JTF (just the facts): A total of 16 works, framed in white and unmatted, and hung against white walls in the single room gallery space. All of the works are made of chromogenic paper, which has been alternately exposed, folded, scratched, scraped and burned. Physical dimensions range from roughly 10×8 to 39×29, and each work is unique. All of the works are dated 2012. A small catalog of the exhibition is available from the gallery. (Installation shots at right, along with two up-close detail images.)
Comments/Context: Photography and drawing are two disciplines that don’t seem, at first glance, to have much natural affinity for each other. While some photographers have experimented with long exposures to “draw” with light (using flashlights, candles or even lasers) and others have manipulated darkroom chemicals to produce handmade gestural effects, for the most part, these artistic methods have generally tended to stay separate. There is something intrinsically expressive and immediate about putting pen or pencil to paper that the multi-step mechanical process of photography wasn’t really designed for.
Marco Breuer is one of the few photographers who has consistently tried to make these two artistic circles overlap, merging the light sensitivity and chemical processes of photography with the physicality of direct interaction with the paper of drawing, via countless unexpectedly ingenious methods over the years. His newest works find him tinkering with electric hot plates and frying pans, which he has uncoiled and straightened out into magic wands that glow with intense heat. Using these makeshift tools like a conductor’s baton or a calligrapher’s brush, he has mixed hand-drawn motion with the effects of heat and light on photographic paper to create works that explore interlocking layers of line, texture, and color.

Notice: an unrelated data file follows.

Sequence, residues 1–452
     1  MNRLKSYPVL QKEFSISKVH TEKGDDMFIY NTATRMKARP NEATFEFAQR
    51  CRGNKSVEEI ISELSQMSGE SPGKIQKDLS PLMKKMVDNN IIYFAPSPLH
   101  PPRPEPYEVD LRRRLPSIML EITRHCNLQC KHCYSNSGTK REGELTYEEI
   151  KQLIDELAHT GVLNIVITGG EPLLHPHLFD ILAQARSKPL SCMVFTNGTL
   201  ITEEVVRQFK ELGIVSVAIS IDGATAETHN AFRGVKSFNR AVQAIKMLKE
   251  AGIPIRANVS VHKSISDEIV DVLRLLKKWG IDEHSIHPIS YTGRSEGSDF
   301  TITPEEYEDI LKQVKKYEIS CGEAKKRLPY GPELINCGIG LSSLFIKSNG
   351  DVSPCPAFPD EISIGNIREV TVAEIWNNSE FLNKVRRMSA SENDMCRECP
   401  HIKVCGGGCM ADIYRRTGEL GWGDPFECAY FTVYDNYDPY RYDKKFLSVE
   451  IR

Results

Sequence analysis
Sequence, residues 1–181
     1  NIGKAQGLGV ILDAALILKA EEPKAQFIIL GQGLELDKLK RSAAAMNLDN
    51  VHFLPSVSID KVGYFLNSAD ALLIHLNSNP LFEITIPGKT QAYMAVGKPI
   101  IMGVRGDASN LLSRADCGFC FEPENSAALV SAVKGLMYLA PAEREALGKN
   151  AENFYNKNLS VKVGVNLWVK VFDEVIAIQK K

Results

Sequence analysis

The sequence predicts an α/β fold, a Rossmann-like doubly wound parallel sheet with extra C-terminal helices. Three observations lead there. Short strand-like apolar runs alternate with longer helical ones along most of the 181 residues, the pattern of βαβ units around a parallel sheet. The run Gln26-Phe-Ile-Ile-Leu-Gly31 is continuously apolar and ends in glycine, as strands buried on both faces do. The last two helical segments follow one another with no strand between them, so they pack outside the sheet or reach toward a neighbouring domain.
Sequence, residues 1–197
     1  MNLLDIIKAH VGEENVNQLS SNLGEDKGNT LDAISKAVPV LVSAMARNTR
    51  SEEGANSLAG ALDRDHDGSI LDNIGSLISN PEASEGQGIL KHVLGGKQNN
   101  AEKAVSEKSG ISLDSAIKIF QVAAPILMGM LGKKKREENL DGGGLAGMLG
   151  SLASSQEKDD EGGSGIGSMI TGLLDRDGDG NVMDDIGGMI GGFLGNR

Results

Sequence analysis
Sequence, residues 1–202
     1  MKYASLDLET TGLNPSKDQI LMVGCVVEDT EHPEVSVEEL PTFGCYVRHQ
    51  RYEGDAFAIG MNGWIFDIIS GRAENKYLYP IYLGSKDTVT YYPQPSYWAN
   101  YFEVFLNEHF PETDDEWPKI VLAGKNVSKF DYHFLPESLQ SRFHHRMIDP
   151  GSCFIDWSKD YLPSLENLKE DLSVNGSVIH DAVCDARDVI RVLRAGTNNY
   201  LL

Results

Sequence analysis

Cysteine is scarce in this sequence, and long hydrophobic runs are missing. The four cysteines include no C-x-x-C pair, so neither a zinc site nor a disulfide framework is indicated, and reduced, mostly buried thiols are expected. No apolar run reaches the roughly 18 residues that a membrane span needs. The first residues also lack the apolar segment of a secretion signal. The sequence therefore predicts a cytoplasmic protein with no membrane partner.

The two up-close image fragments at left and right provide samples of how Breuer has used the wands to interact with the paper. Horizontal and vertical lines are etched and burned into the surface (sometimes after a step of folding the paper into grids of rectangles), while light from the orange heat turns some of the backgrounds a bright, shifting, swimming pool blue. The movement is often all-over expressive and passionate (almost manic in some cases), then receding to something more subtle, dispersed and melancholy. Burn marks, cat scratches, and thin scars create a spectrum of chance colors when interacting with the chemical coated papers: yellows and browns give way to misty light blues and wispy greys, with splashes of vibrant red or purple scraped away like a Richter squeegee. A few add another layer of colored exposure, an unexpected hint of green underneath the jittering lines.
Breuer’s unconventional methods bring rough physicality back to photography, where the final image object shows the literal signs of its making. These abstract works have a sense of touch, of surface topography, of finger driven carving. Overall, I was impressed by the innovative originality in the range of elegance and complexity in these works, and Breuer has clearly shown once again that the idea of merging photography and drawing is altogether less improbable and foolhardy than we might have assumed.
Collector’s POV: The works in this show are priced between $5500 and $19500, based on size, and many were already sold when I visited the show. Breuer’s work has very little secondary market history, so gallery retail is still the best option for those collectors interested in following up.